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05 May 2020

Our vision for the new NHS Digital Health Technology Standard

Established to evaluate Digital Health products and services, the Digital Assessment Questionnaire (DAQ) has evolved over time, first setting standards too low, then too high. But after years of development and significant NHS investment, the DAQ became a global digital exemplar - one of the world’s most rigorous digital health assessment models, yet capable of processing an evaluation within a matter of days. A standard that adapted requirements and thresholds based on need in its broad-based sector. 

 

Any standard intended to replace the DAQ must offer a leap in benefits to the NHS, patients and developers. As such, the initiative by NHSX to design a new standard offers a huge opportunity. After working with national bodies worldwide, helping to develop the NICE standards, and recently, as an approved assessor, applying the DAQ for the past 18 months, we are excited by what can be achieved.

 

As the consultation on the new NHS Digital Health Technology Standard closes, our call to NHSX will be to ensure that the new standard:

 

  1. Uses lessons learned: In the development of the DAQ, there were many approaches tested and removed because they were unsuccessful. A close understanding of lessons will ensure that time and resources are not wasted. For example, it is tempting to think that the tougher the standard, the more protection it offers. But set the standard too high and no solutions designed to help patients can make it to the market. Regulation needs to measure the right things and set the bar at an appropriate level, giving consideration to the risks that it is designed to mitigate.

 

  1. Does not collate but adapts: Simply collating all appropriate standards into a single assessment process does not work. For example, the Open Web Application Security Project (OWASP) security standard is required in the proposed new NHS Technology Standard, yet the ability to demonstrate compliance with its principles is a hugely complex task, which has, to date, proved impossible. We would encourage the approach taken by the DAQ for the DCB0129 Clinical Risk Management information standard. Here, the assessment process was refined to accommodate the standard’s requirements. This involved developing a granular interpretation of which solutions the standard was or was not applicable to, as well as a refined and more detailed breakdown to evaluate compliance. This step should also seek to remove duplication in checks made by standards.

 

  1. Leverages international programmes: If the new NHS Technology Standard is to utilise international best practice, a good starting point would be the EU sponsored project team behind the crafting of a CEN/ISO Technical Standard for Digital Health and Wellbeing solutions. ORCHA has been supporting this work and can recommend this initiative. The CEN/ISO standard is a significant programme that consolidates an array of the most applicable standards in the Digital Health space into one overarching model. This is a great starting point for any national standard and represents a solid foundation for assessment. The new NHS standard does reference the new CEN/ISO Draft Technical Standard, but with a view to adding it to a list of requirements, rather than using it as an opportunity to consolidate the list of standards required for developers and the process to follow.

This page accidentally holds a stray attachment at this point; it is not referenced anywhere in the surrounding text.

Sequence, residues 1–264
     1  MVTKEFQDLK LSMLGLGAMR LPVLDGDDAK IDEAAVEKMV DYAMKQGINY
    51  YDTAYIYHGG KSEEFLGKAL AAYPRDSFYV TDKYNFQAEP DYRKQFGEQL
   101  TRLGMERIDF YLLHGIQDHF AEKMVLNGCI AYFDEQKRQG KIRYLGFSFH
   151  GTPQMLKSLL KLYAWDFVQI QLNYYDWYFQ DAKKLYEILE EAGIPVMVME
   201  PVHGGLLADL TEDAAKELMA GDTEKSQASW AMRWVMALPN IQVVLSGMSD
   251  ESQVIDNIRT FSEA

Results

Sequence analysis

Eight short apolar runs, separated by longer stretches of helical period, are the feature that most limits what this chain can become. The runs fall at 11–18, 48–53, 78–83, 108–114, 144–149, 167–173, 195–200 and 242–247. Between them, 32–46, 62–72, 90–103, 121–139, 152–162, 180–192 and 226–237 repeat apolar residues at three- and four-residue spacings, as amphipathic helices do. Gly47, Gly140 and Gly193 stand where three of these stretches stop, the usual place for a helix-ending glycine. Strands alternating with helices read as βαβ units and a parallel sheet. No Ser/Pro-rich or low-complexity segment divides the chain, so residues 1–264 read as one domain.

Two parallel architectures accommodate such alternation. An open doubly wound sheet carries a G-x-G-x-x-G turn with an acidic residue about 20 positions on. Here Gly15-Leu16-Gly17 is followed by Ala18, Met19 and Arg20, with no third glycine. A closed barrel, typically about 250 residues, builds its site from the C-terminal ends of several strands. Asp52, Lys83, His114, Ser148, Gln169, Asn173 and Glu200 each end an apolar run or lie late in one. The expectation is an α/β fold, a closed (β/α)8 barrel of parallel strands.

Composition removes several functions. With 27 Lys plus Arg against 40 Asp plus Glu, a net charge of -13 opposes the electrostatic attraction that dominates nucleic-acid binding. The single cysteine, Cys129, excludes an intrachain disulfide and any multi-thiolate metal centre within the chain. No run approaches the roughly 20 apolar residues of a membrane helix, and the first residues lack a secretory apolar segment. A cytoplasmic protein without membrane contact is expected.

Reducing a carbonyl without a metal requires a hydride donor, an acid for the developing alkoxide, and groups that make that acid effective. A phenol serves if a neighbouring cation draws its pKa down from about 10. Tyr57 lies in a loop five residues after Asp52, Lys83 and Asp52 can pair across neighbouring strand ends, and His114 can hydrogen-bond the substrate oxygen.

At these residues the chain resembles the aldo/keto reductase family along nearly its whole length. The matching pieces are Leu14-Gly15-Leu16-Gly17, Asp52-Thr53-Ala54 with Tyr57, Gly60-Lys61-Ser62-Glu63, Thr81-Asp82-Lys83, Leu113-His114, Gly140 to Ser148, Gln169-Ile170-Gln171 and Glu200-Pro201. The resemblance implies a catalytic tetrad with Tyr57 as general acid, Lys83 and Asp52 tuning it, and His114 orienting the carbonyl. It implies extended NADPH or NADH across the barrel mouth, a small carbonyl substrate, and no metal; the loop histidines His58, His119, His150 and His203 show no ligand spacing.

1. Is designed with process in mind: The creation of a standard is just the starting point. A process is needed to implement the standard, which can take between 9 to 12 months to develop.  Considering how a standard will be applied throughout development will ease this development stage. Development with process in mind may also help the programme to consider a closed-loop system. For instance, ORCHA works with national bodies across EMEA, providing a review process, national app library and local app libraries which correspond to the national platform. This means the whole process and offer is connected, ensuring a 360° view and management. For example, every time an app is updated in an app store, our system triggers a re-review and the app libraries notify users that the review does not include the latest update.

 

  1. Incorporates AI and other emerging technologies:It will be important for any future standard to build suitable assessment elements around technologies such as AI. With experts in the field, ORCHA has already developed an assessment module for AI and would be happy to support the NHS team in this area. The issue of data interoperability is another essential consideration in terms of future technologies.

 

We call for these areas to be considered, but most importantly, we ask for clarity around the goal for the programme. There are some fantastic principles and concepts in the draft standard, but it would be good to understand the specific step change in outcomes wanted. Only once we know what the problem and target is, will ORCHA and the digital health ecosystem be able to help the NHS to shape the future of Digital Assessment and the New NHS Technology Standard.

 

 

About ORCHA

 

ORCHA is the world’s leading health app advisor. It has evaluated more than 6,000 apps to date, runs national accreditation schemes for national bodies, and provides consultancy for schemes including the NICE Evidence Standards Framework. It has assessed apps for the NHS for 5 years, today managing bespoke health app library programmes for NHS organisations in 50% of regions. It has supported NHS Digital in conducting evaluations for the NHS Apps Library based on the DAQ standard for the past 18 months.

 

   

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